International Weapons Negotiation

Photo credit: MTSU
Photo credit: MTSU

Hello Dedicated Readers,

In case somehow you have not heard the news, I will inform you of the recent events in Geneva.

In brief, States from across the globe gathered in Geneva to negotiate a multi-lateral international agreement regarding Cluster Munitions. The basic mechanism of Cluster Munitions is that a large bomb containing many smaller munitions is dropped or launched on an area. These smaller munitions spread out over a large area and are intended to explode on impact. One of the problem presented by Cluster Munitions is that too often, these smaller munitions do not explode on impact and remain in place for years. They are hidden killers, picked up by children mistaking them for toys, stepped on by unsuspecting farmers. To prevent further civilian killings States attempted to add a Protocol to the Convention of Conventional Weapons (CCW) to regulate Cluster Munitions.

For further background information, this agreement was negotiated in the backdrop of the already existing Convention on Cluster Munitions (CCM), which absolutely bans the use of Cluster Munitions, but is not signed by the major user states. Many states feared that a weak agreement in the CCW would undermine the gains realized by the CCM. In the end the CCW proposal failed to gain the necessary consensus and died there.

For a more detailed analysis on these exciting events by actual participants and fellow HLS students, here is a blog post written by Anna Crowe and Nicolette Boehland for the HRP blog found here http://harvardhumanrights.wordpress.com/2011/11/23/dispatch-from-geneva/

Diplomats from more than 100 countries are currently engaged in heated deliberations in Geneva over a proposed protocol, put forward by the United States and others, that would allow the use of certain cluster munitions indefinitely.  The International Human Rights Clinic has joined a group of nongovernmental organizations in arguing against the proposal, which would threaten the impact of an existing international treaty that protects civilians by absolutely banning the weapons.

If adopted, the proposed protocol would directly compete with the Convention on Cluster Munitions, a treaty that seeks to eliminate the devastating effects of cluster munitions on civilians.  More than 108 countries have signed on to that convention, which went into force August 2010, and 66 states are full parties, bound by all its provisions.  The convention prohibits use, production, transfer, and stockpiling of cluster munitions and obliges states to provide assistance to victims of past use.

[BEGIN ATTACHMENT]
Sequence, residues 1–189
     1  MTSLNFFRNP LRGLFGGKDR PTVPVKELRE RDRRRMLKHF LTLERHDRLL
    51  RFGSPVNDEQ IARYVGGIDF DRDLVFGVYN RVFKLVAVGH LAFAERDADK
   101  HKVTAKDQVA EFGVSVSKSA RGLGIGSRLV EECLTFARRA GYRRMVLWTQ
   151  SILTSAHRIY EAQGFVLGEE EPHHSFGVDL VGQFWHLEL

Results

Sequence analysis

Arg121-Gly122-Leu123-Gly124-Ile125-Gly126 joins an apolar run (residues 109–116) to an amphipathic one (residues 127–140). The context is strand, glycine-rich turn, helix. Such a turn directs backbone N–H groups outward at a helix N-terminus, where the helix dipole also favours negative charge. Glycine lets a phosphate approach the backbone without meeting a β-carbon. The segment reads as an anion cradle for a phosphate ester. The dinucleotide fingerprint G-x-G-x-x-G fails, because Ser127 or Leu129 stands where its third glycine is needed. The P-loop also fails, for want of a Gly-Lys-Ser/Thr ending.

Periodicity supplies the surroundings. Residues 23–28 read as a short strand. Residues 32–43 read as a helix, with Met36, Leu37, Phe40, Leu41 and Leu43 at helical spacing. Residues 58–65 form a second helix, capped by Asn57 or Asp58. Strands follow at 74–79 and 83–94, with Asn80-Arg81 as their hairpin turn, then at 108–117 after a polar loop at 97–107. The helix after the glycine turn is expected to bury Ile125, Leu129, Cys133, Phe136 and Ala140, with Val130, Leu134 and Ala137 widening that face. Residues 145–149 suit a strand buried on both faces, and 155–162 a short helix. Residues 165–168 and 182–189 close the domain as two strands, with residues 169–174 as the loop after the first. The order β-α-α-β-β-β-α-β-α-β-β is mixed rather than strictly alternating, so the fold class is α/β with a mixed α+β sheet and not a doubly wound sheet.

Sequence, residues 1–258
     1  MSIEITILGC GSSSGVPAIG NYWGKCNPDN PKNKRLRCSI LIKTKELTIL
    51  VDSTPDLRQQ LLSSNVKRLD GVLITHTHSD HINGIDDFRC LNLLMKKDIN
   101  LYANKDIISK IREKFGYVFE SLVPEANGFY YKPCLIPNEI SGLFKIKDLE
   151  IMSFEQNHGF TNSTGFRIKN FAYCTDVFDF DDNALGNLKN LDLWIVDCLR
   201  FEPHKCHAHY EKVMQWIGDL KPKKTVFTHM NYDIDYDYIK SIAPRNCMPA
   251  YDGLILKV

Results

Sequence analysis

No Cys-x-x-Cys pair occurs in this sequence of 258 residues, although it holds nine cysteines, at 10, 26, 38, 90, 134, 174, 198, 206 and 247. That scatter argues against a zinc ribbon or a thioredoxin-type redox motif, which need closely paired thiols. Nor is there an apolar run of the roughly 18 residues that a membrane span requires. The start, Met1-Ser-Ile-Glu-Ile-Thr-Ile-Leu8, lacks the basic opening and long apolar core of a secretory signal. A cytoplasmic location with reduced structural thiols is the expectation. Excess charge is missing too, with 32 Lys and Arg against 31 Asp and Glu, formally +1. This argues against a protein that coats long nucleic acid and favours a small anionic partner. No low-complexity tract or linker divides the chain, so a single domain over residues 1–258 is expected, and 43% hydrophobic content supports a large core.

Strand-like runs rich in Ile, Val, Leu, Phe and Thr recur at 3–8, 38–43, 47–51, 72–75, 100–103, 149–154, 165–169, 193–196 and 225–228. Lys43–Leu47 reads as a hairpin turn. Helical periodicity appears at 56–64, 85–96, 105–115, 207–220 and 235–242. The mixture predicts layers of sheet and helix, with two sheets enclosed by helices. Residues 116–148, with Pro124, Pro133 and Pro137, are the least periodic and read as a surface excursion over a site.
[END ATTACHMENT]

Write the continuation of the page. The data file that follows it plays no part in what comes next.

The United States, which is not a party to the Convention on Cluster Munitions, has led the charge for the new protocol over the last week at the Review Conference of the Convention for Conventional Weapons (CCW) in Geneva.  The protocol would be attached to the CCW framework convention, an umbrella treaty with protocols governing specific types of weapons.  Protocol supporters argue that certain major stockpilers and users of cluster munitions who are not currently party to the Convention on Cluster Munitions might join this proposed protocol because it is not a complete ban.

But the Clinic argued in a paper distributed to delegates last week that the new protocol would constitute an unprecedented step backwards in terms of international humanitarian law.  The international community has never adopted a treaty that provides weaker protections for civilians from armed conflict than a treaty already in force.

Furthermore, adoption of the proposed protocol would water down the stigmatization of cluster munitions by permitting future use.  Though the proposed protocol would ban cluster munitions produced prior to 1980, it would allow states to continue to use some other models of cluster munitions for 12 years and some forever.  The proposed treaty also contains weak and inadequate provisions regarding stockpiling destruction and victim assistance.

The Clinic strongly believes that, much like antipersonnel landmines, cluster munitions cause an unacceptable level of harm to civilians.  Because they release dozens or hundreds of explosive submunitions across a large area, civilian casualties are virtually guaranteed when cluster munitions are used in populated areas, as they often have been.  In addition, the submunitions frequently fail to explode on impact, leaving explosive remnants that can kill and injure civilians months or years after a conflict has ended.

A team from the Clinic traveled to Geneva this week as part of the Human Rights Watch (HRW) delegation.  The Clinic has a longstanding partnership with HRW on weapons issues; Senior Clinical Instructor Bonnie Docherty is also a senior researcher in HRW’s Arms Division.  We, along with Robert Yoskowitz, JD ’13, are working under her supervision at the CCW conference this week.

During the conference, we have provided real-time legal analysis of each new draft protocol text.  We have also written articles for the regular CCW Newsproduced by the Cluster Munitions Coalition (CMC), a coalition of NGOs, including HRW, that campaigns to ban cluster munitions and that helped create the CCM.  The Coalition is lobbying hard this week to prevent the proposed protocol from moving forward.

In order for the CCW conference to adopt a new protocol on cluster munitions, there must be consensus—and there is clearly no consensus yet.  There are still two days of negotiations left, however.  The atmosphere is tense, but hopes are high for a good outcome.

Nicolette Boehland, JD ’13, and Anna Crowe, LLM ’12, are members of the Clinic’s Cluster Munitions team.

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